ORLANDO, Fla. (AP) — As a young, classical music conductor in a town known more for Mickey Mouse than Mahler, Eric Jacobsen faces a double challenge: Live up to the promise of his youth and innovative background, and somehow discover the magic formula to lure young audiences to the concert hall.
"Some people feel that since I'm young, I'm going to somehow have the answers for bringing in a younger audience," Jacobsen said recently in an interview at a converted Space Age movie-house that is now the administrative home of the Orlando Philharmonic Orchestra. "That's a challenge, always."
Beginning his second year as music director of the Orlando Philharmonic, the 33-year-old Jacobsen is many things that modern classical music traditionally isn't: young, accessible and willing to be a tad goofy. His shirt is untucked when he's not performing and unruly brown curls crown his head.
He's spent most of his career as a cellist with New York-based, boundary-breaking ensembles, exploring new directions in an art form that cherishes tradition.
A decade ago he co-founded the string quartet, Brooklyn Rider, with his older brother and two other classmates from the Juilliard School. But this summer, Jacobsen is leaving Brooklyn Rider, "which is painful and bittersweet," so he can focus on conducting.
With Brooklyn Rider, along with The Knights orchestral collective and the Silk Road Ensemble, Jacobsen carved out an innovative, experimental course in classical music. The three groups have mixed the traditional classical canon with original works by new composers, made forays into other musical genres and been at the forefront of musical cross-pollination.
The Knights, which Jacobsen conducts, have toured with some of classical music's biggest names, such as violinist Gil Shaham and singer Dawn Upshaw. The Silk Road Ensemble, originally formed under the direction of cellist Yo-Yo Ma, includes musicians from more than 20 countries and emphasizes cross-cultural music-making.
Each group, in a way, brings fresh energy to old traditions.
Jacobsen believes millennials would like classical music if they gave it a chance, but he is still trying to figure out, "How do we get them to give it a chance?"
That's an urgent question for orchestras across the United States seeking to revitalize their audiences. A study sponsored by the League of American Orchestras showed ticket subscriptions declined by 3.6 percent from 2005 to 2014. The study recommended that orchestras give more flexibility to potential concert subscribers on the number and type of concerts, increase interactions between musicians and subscribers to give audience members an emotional connection to the orchestra and use technology the way Amazon does to figure out what listeners enjoy.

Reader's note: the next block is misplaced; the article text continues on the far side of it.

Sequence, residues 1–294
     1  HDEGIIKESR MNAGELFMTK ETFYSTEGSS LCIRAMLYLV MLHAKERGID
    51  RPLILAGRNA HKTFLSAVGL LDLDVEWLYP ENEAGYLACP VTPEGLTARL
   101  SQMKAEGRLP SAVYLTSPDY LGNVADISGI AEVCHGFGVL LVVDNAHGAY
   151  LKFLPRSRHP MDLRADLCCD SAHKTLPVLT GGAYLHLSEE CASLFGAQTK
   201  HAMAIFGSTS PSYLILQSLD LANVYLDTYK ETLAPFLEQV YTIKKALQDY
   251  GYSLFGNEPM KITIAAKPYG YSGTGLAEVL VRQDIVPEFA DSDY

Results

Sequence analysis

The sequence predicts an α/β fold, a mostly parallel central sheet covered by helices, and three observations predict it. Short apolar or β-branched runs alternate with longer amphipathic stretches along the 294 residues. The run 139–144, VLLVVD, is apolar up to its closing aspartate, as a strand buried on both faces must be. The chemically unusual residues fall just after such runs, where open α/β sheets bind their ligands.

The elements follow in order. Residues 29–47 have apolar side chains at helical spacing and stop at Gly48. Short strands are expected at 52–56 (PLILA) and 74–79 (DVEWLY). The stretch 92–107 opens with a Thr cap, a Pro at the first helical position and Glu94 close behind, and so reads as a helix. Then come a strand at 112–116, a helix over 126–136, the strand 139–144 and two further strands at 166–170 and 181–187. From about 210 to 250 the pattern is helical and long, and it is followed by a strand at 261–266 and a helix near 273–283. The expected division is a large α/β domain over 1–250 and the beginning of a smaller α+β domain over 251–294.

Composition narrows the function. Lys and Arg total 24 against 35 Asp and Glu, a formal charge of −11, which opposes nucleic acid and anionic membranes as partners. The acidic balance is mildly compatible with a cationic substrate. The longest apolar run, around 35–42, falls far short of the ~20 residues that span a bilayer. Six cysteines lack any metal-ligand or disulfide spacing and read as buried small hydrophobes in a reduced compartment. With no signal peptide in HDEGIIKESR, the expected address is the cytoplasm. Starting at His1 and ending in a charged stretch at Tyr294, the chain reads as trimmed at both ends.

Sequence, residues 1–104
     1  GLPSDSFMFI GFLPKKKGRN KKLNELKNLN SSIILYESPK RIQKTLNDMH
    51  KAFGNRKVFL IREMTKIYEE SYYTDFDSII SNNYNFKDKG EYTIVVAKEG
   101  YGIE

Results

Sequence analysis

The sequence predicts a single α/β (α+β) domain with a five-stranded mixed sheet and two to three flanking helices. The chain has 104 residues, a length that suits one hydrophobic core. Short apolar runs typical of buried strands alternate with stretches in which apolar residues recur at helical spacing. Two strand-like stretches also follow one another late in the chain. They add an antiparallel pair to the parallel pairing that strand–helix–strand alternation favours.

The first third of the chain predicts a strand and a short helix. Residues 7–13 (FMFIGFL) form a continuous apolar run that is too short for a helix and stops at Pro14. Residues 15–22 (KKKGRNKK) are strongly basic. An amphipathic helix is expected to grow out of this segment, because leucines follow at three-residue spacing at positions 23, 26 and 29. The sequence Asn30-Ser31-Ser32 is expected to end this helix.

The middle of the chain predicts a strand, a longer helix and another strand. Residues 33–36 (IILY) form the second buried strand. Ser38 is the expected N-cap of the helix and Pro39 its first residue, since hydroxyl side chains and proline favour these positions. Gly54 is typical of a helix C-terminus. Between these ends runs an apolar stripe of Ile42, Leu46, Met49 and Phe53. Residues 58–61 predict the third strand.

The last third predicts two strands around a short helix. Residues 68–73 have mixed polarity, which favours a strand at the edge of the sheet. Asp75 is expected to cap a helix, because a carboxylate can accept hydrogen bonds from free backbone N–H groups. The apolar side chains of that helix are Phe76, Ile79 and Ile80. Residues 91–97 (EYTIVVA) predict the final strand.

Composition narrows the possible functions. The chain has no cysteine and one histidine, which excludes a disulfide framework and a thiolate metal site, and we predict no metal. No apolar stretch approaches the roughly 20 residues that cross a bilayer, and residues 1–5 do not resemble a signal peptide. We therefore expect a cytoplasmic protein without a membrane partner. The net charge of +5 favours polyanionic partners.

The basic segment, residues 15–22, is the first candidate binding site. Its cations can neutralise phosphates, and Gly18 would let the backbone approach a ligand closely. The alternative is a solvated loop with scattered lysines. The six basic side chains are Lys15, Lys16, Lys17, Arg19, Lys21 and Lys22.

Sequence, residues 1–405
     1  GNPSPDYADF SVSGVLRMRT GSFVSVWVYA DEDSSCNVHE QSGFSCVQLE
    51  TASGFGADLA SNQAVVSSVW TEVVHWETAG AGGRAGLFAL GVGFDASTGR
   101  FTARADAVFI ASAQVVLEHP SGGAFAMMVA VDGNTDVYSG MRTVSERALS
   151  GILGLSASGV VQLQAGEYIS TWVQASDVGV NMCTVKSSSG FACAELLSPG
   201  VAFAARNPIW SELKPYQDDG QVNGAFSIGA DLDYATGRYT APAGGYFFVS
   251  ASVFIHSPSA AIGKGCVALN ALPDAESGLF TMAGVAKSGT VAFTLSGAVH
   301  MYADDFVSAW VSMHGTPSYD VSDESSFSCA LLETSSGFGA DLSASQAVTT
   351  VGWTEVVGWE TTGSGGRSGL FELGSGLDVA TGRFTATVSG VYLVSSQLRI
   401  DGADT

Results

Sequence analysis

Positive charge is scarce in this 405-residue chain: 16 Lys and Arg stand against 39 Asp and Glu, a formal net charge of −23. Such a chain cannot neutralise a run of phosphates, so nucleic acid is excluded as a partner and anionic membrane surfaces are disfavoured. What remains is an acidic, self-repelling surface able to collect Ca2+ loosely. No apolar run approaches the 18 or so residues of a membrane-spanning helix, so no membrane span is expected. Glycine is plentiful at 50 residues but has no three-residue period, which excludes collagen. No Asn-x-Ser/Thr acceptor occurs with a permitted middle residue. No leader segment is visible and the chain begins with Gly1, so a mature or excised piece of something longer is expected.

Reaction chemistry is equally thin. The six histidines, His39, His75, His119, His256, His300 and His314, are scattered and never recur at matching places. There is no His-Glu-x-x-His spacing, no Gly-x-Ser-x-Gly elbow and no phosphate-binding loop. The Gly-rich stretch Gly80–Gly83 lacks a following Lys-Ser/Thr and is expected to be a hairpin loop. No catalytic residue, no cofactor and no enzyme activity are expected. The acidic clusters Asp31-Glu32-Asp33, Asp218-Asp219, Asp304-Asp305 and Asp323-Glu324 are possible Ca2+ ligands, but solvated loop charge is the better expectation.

Jacobsen's departure from Brooklyn Rider signals his commitment to conducting after years of struggling with the idea. His father, a violinist with the Metropolitan Opera in New York, hated conductors and considered many of them imperious fraudsters, more concerned with posing than finding the honesty in the music.
"I grew up hearing about horrible conductors," Jacobsen said. "I think it took me a long time to say, 'I'm a conductor.'"
The New York-born Jacobson, who this summer is marrying singer-songwriter Aoife O'Donovan, is also committing to Orlando: He recently purchased his first house, a five-bedroom bungalow downtown.
He says Orlando is at a pivotal point with a developing cultural and restaurant scene, alongside its famous theme parks. Leading the Orlando Philharmonic was an opportunity to grow with a traditional orchestra, and he wanted to put down some roots after spending his career on the road.
Jacobsen represents a new path for many young conductors, said Jesse Rosen, president and CEO of the League of American Orchestras. In the past, a would-be conductor trained professionally and sought a job in an orchestra as an assistant conductor or director of a youth orchestra, while preparing for bigger, more prestigious orchestras. Nowadays, many future orchestra conductors are creating their own ensembles with different types of community-based programming, Rosen said.
Jacobsen's presence in Orlando gives him the chance to influence a regional cultural institution and gives him the latitude to experiment outside the spotlight of New York, Rosen added.
"If you want to take a first job as a music director of a full symphony orchestra, many conductors would rather do it where they are a little under the radar," Rosen said. "So when they are in a high-visibility place, they have mastered some of the repertoire and they've made whatever mistakes they are going to make."
As Jacobson looks ahead to the upcoming season, he says programs might combine music with visual artists, performing artists and literary works.
"My biggest fear is, if people don't know about it because they weren't exposed to it, then how will they eventually come to it?" Jacobsen said.
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